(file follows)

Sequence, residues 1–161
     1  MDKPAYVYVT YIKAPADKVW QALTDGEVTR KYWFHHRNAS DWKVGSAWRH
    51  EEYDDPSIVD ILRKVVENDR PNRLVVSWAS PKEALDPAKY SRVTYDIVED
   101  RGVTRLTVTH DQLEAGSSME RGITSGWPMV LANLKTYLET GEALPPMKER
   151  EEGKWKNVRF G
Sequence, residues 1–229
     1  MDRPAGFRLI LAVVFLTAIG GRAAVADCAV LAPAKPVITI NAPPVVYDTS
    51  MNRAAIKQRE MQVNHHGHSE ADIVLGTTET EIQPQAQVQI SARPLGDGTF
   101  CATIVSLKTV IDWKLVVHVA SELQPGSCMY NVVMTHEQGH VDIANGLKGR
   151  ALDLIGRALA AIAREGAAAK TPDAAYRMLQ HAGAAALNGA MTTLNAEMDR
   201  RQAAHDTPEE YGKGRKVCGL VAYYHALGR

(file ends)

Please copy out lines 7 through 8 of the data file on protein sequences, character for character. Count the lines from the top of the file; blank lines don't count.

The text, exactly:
     1  MDRPAGFRLI LAVVFLTAIG GRAAVADCAV LAPAKPVITI NAPPVVYDTS
    51  MNRAAIKQRE MQVNHHGHSE ADIVLGTTET EIQPQAQVQI SARPLGDGTF